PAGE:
Sao Paulo and Argentine side Tigre drew 0-0 on Wednesday in the first-leg of the Copa Sudamericana final, which should give a slight edge to the Brazilians in the second leg in a week.

Sao Paulo, one of South America's most decorated clubs, had more possession but failed to break down the modest Argentine side, which is playing in its first international final.

The second leg of the final is Dec. 12 at Sao Paulo.

Both teams played with 10 men after Sao Paulo's Luis Fabiano and Tigre's Alejandro Donatti were shown red cards in the 15th minute by referee Antonio Arias.

Amid pushing and shoving, Fabiano - the former Porto and Sevilla forward - kicked out in the direction of Donatti, but television replays showed he missed. Donatti, after a slight delay, crumbled to the pitch and was sent off for diving.

The match was fast-paced at the start with Lucas threatening for Sao Paulo in the second minute, forcing Tigre keeper Damian Albil to make a diving save.

Sao Paulo had most of the possession in the first half, but got few clear chances. Tigre looked more threatening late in the half, trying to entertain local fans in the match played at Boca Junior's La Bombonera stadium.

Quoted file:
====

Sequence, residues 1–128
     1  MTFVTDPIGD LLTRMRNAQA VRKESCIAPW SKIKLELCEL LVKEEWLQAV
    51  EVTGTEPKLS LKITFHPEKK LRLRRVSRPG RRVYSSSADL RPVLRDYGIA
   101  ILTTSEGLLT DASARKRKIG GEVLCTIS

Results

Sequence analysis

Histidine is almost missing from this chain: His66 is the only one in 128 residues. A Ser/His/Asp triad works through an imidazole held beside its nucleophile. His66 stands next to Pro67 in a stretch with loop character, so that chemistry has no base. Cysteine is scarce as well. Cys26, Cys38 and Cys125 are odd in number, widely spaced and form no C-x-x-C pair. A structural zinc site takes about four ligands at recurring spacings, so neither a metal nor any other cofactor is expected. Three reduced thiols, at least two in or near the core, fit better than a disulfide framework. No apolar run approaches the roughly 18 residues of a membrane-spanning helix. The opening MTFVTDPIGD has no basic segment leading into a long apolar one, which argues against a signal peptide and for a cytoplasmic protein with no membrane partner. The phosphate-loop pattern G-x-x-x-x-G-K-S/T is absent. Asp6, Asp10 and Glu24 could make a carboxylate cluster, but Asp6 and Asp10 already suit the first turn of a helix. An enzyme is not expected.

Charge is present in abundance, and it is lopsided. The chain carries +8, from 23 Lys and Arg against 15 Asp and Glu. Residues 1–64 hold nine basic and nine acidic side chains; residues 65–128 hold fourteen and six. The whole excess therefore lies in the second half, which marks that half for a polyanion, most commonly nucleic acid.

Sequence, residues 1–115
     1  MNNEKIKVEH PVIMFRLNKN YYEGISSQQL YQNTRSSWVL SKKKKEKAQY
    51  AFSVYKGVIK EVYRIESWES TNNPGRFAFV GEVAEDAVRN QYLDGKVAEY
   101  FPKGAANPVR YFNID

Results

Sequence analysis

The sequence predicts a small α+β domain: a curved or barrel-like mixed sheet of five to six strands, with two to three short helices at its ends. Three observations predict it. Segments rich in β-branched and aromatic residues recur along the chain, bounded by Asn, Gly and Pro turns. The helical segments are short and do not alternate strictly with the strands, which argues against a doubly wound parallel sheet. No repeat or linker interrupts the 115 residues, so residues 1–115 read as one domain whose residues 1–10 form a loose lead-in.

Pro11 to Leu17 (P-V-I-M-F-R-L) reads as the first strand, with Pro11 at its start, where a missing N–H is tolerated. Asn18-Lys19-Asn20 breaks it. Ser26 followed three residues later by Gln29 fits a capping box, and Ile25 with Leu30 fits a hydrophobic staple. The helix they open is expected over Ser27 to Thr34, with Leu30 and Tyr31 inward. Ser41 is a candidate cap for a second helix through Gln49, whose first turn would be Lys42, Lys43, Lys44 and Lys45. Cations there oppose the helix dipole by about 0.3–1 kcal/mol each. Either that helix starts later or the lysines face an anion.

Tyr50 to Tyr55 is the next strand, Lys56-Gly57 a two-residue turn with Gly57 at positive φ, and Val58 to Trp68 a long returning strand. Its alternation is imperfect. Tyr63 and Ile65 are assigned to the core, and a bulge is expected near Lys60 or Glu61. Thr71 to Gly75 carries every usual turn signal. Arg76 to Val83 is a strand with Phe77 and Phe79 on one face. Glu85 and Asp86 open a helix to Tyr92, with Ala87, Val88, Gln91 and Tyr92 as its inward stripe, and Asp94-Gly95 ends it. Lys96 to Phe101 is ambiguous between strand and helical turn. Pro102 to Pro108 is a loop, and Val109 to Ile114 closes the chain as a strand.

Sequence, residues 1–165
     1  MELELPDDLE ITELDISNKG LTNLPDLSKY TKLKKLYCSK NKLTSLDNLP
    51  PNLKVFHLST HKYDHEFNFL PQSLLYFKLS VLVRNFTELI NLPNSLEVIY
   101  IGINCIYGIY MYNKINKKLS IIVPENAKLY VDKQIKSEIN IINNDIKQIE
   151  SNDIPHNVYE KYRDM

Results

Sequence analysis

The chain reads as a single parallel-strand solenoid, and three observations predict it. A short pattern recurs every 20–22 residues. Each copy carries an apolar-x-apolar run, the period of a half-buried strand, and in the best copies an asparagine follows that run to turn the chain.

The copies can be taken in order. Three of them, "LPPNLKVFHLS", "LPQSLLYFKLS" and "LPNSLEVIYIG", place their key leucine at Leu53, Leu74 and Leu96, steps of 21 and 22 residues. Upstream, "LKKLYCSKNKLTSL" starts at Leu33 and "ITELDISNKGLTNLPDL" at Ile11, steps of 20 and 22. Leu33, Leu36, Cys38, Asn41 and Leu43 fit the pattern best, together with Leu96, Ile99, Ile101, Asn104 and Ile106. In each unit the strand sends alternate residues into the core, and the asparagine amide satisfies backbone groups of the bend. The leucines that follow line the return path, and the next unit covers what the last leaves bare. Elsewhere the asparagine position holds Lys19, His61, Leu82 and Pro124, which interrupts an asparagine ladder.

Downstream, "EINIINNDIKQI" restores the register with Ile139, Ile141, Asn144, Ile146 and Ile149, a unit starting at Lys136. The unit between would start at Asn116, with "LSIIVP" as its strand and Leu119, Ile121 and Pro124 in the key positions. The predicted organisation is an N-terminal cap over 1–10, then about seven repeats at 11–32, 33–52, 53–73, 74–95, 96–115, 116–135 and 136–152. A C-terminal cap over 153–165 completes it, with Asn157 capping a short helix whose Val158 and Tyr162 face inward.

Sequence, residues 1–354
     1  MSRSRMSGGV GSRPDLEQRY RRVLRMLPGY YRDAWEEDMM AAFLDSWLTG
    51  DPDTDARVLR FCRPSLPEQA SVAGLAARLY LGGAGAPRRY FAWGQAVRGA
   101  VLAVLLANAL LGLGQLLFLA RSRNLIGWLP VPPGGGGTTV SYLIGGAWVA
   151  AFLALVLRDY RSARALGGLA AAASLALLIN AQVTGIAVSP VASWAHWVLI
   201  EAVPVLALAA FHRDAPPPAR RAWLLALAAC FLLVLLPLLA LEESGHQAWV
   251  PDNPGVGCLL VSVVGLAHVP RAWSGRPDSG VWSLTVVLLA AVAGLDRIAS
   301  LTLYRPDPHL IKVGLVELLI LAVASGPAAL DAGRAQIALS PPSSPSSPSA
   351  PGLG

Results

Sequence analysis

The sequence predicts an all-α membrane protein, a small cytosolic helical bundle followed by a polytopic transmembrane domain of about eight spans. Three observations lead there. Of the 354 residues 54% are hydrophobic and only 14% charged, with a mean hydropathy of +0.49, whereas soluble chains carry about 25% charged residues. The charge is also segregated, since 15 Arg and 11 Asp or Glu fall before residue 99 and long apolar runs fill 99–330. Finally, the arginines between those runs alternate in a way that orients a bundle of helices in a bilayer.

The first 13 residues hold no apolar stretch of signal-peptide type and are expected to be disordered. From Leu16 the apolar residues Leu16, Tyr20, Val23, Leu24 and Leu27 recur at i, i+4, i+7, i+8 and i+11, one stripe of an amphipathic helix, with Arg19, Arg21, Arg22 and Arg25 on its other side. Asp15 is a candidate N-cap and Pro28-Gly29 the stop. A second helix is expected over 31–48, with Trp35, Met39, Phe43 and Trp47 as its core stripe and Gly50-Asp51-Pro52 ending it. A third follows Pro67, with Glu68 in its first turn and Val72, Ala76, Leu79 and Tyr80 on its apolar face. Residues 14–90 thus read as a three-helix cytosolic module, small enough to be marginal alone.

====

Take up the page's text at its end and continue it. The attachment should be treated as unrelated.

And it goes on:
Tigre came out more aggressively in the second half but failed to generate much attack, foiled by Sao Paulo's two central defenders Rhodolfo and Rafael Toloi. As the match wore on, both teams had problems stringing together passes.Lucas again had the best chance for Sao Paulo in the second half, breaking down the right side in the 81st, evading several defenders before cutting the ball harmlessly into the area.

Sao Paulo is one of South America's big clubs and has won the Copa Libertadores - the equivalent of Europe's Champions League - three times. It has also won the Club World Cup once, and twice won the Intercontinental Cup, the predecessor to the Club World Cup.

Tigre has never won an Argentine first-division title.

The match was played at Boca Juniors' La Bombonera stadium as it offered more security than Tigre's 25,000-seat stadium. The Copa Sudamericana is South America's No. 2 club trophy behind the more prestigious Copa Libertadores.